It is no secret that human driving is erratic, inconsistent and highly prone to accidents. Not just that, the stop and go style of driving in traffic causes accidents and mars fuel efficiency.

Even a few self-driving cars on the road could change the way traffic works according to a new research.

“Our experiments show that with as few as 5 percent of vehicles being automated and carefully controlled, we can eliminate stop-and-go waves caused by human driving behavior,” said Daniel B. Work, assistant professor at the University of Illinois at Urbana-Champaign, a lead researcher in the study published Tuesday.

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According to the study, even if all cars on the road are not self-driven, just the presence of a few such cars will help in better traffic monitoring and control. The introduction of self-driven cars on road could change conventional traffic control concepts such as variable speed limits.

The research team comprised of researchers with expertise in traffic flow theory, control theory, robotics, cyber-physical systems, and transportation engineering and conducted their tests in Tucson, Arizona using a single self-driven vehicle with at least 20 human-driven vehicles.

They found that human driving causes major traffic jams, even in the absence of traffic signals and bottlenecks, erratic lane changes, mergers and disruptions. They were able to sort out the traffic, by simply manipulating the one self-driven car, concluding that even a small percentage of self-driven cars on the road could smoothen out traffic flow for all the other cars, eliminating jams and even increasing fuel economy for all cars on the road up to at least 40 percent.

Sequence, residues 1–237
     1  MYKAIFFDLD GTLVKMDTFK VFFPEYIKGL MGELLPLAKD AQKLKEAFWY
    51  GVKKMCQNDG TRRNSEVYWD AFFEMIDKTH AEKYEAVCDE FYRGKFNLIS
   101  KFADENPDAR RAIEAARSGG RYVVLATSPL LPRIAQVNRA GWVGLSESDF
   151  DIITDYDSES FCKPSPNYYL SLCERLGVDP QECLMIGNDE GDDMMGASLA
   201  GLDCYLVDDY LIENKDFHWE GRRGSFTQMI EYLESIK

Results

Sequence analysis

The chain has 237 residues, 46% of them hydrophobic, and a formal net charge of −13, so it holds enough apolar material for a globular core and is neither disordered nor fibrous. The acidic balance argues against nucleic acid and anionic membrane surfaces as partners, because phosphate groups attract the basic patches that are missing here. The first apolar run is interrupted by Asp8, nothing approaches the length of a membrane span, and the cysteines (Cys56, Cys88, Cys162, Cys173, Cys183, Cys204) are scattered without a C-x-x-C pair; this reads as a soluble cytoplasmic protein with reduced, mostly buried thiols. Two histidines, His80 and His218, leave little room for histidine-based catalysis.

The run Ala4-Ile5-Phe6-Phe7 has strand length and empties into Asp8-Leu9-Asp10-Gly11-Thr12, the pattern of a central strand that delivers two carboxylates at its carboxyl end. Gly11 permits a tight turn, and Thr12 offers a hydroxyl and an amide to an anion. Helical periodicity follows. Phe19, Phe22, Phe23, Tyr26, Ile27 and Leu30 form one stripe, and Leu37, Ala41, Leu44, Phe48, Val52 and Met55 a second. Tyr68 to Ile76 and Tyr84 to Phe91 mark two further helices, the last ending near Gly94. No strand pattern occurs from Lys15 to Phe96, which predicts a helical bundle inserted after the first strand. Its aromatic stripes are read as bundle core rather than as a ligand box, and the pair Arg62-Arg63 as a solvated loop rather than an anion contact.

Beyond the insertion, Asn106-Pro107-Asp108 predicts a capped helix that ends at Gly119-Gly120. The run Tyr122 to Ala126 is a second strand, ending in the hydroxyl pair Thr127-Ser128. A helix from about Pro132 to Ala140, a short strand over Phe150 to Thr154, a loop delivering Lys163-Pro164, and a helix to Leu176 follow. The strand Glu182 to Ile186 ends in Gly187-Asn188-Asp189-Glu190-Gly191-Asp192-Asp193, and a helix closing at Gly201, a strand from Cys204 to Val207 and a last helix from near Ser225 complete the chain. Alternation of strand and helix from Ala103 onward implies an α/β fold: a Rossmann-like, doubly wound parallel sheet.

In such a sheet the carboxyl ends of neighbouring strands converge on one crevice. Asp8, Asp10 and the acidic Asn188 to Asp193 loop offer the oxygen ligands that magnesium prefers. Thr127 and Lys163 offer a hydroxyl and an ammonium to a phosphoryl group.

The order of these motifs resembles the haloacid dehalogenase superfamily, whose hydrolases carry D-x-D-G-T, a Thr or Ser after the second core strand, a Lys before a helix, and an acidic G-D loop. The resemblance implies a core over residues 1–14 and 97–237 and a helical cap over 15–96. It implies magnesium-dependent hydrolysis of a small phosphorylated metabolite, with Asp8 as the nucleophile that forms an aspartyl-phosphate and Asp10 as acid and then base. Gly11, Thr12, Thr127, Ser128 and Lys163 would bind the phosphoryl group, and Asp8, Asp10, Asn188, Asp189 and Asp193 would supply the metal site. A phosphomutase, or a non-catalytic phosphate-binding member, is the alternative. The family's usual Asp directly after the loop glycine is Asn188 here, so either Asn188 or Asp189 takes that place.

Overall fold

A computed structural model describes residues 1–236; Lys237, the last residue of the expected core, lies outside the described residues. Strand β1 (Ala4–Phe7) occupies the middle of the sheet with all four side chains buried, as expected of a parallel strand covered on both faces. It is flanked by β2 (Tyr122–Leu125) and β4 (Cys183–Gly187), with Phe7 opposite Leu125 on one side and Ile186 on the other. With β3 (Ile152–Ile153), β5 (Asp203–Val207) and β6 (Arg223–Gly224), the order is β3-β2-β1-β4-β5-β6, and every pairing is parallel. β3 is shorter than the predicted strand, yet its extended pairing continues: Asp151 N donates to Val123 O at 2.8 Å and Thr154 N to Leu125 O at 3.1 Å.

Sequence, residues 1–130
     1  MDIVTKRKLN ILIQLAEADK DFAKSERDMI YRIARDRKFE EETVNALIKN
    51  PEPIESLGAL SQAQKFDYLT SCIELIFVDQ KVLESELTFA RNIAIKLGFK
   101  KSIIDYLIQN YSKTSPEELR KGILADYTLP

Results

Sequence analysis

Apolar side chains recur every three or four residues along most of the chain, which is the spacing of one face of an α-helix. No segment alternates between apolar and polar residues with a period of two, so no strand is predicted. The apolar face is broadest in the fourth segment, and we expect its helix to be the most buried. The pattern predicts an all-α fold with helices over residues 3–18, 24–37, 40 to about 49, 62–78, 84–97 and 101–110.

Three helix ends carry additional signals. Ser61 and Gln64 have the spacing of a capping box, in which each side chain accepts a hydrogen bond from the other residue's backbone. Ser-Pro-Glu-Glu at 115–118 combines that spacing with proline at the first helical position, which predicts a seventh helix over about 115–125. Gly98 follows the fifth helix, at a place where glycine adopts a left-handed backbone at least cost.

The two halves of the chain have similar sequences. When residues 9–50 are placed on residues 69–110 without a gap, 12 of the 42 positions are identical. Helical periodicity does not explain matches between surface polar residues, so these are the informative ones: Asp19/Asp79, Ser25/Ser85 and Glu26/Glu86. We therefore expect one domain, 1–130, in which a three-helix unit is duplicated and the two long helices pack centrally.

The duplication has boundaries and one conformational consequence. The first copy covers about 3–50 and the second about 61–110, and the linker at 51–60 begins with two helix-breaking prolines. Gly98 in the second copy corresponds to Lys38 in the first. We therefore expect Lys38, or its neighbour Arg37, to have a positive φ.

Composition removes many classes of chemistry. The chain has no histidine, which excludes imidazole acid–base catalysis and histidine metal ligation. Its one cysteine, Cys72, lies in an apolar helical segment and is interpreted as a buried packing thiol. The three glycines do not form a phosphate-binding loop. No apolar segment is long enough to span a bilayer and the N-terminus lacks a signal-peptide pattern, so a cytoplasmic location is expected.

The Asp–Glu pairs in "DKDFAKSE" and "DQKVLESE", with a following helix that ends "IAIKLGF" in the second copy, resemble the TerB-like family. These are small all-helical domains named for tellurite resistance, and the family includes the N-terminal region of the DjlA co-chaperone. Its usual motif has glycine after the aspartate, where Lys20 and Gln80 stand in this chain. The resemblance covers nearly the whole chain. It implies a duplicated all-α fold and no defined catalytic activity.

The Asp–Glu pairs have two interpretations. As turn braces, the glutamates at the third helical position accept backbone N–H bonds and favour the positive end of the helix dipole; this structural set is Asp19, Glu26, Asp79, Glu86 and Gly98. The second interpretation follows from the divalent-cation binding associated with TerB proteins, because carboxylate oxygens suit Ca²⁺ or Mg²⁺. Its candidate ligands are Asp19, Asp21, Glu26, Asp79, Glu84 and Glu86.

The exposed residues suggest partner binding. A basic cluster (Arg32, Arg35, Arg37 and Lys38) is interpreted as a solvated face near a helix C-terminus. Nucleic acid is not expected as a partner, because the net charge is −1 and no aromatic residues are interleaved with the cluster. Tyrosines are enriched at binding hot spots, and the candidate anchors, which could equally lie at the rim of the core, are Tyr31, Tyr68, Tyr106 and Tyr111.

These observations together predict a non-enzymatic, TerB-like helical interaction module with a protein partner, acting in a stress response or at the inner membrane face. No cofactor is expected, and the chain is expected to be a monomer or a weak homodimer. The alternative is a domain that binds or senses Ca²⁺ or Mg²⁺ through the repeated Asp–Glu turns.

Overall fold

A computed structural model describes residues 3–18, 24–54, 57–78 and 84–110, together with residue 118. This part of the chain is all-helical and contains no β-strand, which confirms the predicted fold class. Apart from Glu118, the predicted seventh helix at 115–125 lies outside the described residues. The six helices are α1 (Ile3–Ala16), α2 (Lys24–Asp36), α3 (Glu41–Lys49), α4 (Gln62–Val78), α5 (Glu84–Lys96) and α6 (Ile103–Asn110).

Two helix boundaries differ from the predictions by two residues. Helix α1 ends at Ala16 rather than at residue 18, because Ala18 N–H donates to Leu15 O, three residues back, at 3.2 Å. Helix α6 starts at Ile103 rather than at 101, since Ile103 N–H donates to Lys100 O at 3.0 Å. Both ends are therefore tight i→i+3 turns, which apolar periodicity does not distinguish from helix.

"Before we carried out these experiments, I did not know how straightforward it could be to positively affect the flow of traffic. I assumed we would need sophisticated control techniques, but what we showed was that controllers which are staples of undergraduate control theory would do the trick,” Jonathan Sprinkle, an associate professor of electrical and computer engineering, associated with the research, said.

The research also suggests that even current technology such as adaptive cruise control could help in better traffic control. Not just self-driven cars, even connected cars with communication with each other could help control traffic better.

To succeed in making a practical change to traffic functioning, researchers will need to develop a deeper understanding of the dynamic that emerges from having both human drivers and self-driven vehicles on the road.  Not just that, the scope of research could be expanded once more self-driving cars hit the roads.

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That being said, the research brings out an important fact, even though we are far away from having all or even most self-driven cars on the road, yet we might see changes in how everyday vehicle-related systems such as traffic change with the gradual introduction of such cars. This might be a boost to companies and researchers working on the technology, especially after the recent spate of self-driving car accidents.